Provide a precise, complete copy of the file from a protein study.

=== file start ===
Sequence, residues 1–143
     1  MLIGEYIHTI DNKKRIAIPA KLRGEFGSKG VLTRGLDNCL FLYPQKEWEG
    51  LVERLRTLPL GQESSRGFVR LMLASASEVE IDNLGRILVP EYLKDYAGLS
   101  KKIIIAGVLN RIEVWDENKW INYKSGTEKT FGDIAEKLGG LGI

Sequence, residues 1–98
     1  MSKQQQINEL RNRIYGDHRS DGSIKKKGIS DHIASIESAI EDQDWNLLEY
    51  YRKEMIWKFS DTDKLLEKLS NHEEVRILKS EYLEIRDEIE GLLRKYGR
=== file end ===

Sequence, residues 1–143
     1  MLIGEYIHTI DNKKRIAIPA KLRGEFGSKG VLTRGLDNCL FLYPQKEWEG
    51  LVERLRTLPL GQESSRGFVR LMLASASEVE IDNLGRILVP EYLKDYAGLS
   101  KKIIIAGVLN RIEVWDENKW INYKSGTEKT FGDIAEKLGG LGI

Sequence, residues 1–98
     1  MSKQQQINEL RNRIYGDHRS DGSIKKKGIS DHIASIESAI EDQDWNLLEY
    51  YRKEMIWKFS DTDKLLEKLS NHEEVRILKS EYLEIRDEIE GLLRKYGR